It has been an anxious day for Australian investors. Shares have dipped as the market awaits BHP Billiton’s full-year profit report.
It is expected that the market heavyweight will post its first profit fall in three years, although the estimated $17 billion net profit figure is still a tidy sum. Nevertheless, speculation over BHP’s earnings has reignited debate over the lifespan of the boom.
Peter Sheehan, Professorial Fellow at the Centre for Strategic Economic Studies at Victoria University, shares his thoughts on the state of Australia’s resource sector.
It is widely anticipated that BHP Billiton will announce its first profit fall in three years, which has led to some commentary suggesting that it marks the “symbolic end of the mining boom”. To what extent is that true?
I think we have to define precisely what we mean by the “end of the resources boom”. There are three different things that people might mean.
The first is the end of the period of very high commodity prices and high terms of trade. We know that ended some time ago. Prices have been coming off, and the terms of trade – although still very high – have been falling.
The second meaning is the end of the period of very high resources investment – that isn’t coming to an end yet. Although it is the near the top, the Reserve Bank of Australia said this week that they expected it to peak in 2013-14. We are indeed coming close to a peak in investment. It might well drop sharply after passing the peak.
The third thing people might mean is the high dollar exchange rate. There’s no sign of that coming to an end.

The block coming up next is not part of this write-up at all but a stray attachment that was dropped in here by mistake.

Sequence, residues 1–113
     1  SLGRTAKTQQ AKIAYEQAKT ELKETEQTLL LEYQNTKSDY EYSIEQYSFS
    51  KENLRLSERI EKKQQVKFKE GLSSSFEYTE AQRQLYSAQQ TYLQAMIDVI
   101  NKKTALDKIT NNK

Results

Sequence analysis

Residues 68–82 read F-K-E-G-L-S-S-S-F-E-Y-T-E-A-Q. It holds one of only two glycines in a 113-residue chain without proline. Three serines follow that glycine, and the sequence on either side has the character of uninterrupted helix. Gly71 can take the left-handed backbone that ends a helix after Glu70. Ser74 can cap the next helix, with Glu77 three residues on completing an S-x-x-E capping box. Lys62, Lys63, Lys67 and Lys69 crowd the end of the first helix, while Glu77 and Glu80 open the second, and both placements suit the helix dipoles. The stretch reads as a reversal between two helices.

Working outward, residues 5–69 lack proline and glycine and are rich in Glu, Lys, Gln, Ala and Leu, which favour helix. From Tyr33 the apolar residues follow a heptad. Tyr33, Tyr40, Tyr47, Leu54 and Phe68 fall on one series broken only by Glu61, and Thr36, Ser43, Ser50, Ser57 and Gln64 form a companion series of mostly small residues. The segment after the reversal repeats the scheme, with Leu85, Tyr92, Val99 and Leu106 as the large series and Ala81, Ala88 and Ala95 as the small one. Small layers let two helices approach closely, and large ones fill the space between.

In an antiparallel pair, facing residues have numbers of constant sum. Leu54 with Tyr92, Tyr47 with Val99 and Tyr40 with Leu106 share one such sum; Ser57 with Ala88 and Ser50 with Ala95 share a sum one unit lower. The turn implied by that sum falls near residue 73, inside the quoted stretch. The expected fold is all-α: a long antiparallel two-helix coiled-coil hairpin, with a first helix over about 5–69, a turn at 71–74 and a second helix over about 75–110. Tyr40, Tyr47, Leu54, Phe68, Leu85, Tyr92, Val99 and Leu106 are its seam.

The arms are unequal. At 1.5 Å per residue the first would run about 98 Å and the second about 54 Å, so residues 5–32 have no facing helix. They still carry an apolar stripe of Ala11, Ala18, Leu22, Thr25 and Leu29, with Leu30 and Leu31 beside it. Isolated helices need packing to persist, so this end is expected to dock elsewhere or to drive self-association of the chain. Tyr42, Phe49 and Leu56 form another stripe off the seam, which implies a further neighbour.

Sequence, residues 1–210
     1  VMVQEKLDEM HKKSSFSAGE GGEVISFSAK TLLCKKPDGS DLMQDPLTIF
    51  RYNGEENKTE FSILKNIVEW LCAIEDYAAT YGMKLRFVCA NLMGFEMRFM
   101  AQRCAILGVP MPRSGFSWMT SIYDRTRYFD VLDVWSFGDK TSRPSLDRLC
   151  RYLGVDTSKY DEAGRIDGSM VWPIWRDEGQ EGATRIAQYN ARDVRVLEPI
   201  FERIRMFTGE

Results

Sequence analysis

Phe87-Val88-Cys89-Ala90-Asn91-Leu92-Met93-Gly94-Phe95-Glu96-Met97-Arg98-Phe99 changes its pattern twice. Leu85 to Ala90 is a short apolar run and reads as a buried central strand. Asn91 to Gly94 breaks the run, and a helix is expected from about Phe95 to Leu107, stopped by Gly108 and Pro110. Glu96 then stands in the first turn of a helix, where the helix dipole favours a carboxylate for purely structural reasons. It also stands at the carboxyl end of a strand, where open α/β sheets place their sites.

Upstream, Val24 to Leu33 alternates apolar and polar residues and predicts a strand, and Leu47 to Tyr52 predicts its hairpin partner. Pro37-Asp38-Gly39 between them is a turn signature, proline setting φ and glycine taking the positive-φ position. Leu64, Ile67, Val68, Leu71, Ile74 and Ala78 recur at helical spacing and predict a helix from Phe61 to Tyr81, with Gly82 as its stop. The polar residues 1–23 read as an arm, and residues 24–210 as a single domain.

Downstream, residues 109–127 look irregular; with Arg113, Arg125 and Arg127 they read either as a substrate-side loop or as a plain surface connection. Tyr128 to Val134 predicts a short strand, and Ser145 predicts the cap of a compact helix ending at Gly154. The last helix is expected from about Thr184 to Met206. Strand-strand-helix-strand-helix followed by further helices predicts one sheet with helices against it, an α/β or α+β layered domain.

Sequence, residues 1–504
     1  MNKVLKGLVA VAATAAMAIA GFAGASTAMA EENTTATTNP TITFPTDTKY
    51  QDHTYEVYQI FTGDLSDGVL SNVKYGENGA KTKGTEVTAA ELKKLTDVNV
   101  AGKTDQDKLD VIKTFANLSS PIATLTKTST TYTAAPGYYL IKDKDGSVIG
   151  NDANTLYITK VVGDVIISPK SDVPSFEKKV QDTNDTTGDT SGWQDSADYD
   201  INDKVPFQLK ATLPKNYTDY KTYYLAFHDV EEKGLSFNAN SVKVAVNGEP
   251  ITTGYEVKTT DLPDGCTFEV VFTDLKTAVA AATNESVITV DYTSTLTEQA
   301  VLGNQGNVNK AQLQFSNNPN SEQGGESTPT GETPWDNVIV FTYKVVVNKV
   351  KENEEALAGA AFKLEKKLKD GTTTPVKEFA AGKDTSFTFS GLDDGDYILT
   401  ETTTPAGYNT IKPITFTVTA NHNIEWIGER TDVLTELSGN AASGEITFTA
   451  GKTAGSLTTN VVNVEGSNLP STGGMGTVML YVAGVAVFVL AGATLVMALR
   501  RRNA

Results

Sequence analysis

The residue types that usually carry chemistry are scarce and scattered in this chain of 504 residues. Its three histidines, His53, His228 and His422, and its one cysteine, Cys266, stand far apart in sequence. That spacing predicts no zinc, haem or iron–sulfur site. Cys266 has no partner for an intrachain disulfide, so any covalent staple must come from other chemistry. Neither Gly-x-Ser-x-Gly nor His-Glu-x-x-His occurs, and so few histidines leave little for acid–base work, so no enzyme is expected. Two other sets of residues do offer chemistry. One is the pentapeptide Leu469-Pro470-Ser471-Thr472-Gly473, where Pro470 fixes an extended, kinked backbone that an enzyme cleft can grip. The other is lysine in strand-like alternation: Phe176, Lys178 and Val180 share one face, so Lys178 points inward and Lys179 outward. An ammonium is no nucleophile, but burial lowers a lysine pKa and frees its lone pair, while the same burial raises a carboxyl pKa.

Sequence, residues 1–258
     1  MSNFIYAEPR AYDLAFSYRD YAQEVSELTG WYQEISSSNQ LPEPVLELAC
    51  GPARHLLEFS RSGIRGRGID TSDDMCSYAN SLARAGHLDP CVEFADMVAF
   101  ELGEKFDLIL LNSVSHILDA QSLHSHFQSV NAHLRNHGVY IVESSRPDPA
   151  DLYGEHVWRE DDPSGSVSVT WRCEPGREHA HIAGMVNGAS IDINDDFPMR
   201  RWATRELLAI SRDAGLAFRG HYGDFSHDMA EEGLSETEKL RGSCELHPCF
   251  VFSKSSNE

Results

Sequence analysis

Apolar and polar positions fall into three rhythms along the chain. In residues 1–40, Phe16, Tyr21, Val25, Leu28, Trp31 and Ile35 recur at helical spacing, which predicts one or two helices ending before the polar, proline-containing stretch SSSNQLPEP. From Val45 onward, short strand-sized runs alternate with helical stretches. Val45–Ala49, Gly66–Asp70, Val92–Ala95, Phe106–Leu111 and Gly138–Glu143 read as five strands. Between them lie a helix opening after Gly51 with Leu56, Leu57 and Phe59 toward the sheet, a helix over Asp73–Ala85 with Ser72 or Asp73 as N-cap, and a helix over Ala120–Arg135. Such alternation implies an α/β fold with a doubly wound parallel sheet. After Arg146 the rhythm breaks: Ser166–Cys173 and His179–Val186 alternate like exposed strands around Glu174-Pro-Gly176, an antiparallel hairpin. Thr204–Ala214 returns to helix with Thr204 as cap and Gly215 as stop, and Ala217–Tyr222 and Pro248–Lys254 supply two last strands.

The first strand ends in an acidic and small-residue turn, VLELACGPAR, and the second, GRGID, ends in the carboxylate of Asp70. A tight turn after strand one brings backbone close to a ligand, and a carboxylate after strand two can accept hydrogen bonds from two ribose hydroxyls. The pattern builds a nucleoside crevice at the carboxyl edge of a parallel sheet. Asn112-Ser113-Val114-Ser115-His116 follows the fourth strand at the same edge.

So we can’t talk properly about whether the resources boom is ending; some parts of it have ended and some parts of it are still going on for a while.
Much market commentary has centred on the deferrals and delays of several slated investment projects. But the production side of the boom is not yet in full swing.
The production side is starting to build up, and will build up really quickly once projects are completed. That’s going to go on, market conditions allowing, for five or six years. We will see the continuing build-up in resources output and exports.
From an economic point of view, the production side of the resources uses very little labour. It’s very high productivity. Once we get past the construction, the labour requirements fall dramatically. Mining is also 80%-plus foreign owned, so it doesn’t generate much income within Australia.
So the resources production and export side will look good in the numbers, but doesn’t actually do much for employment and income within Australia.
Given this scenario, what sort of policies should we be considering?
Nationally, we haven’t started to address what lies beyond the resources boom, which has been a major stimulus to the domestic economy for 10 years. As that stimulus runs off, we are going to need some different policies. We are going to need expansionary fiscal policy – which will mean deficits – and we are going to need to find real ways of getting infrastructure built on a large scale, and fixing problems in the housing sector. That’s a start.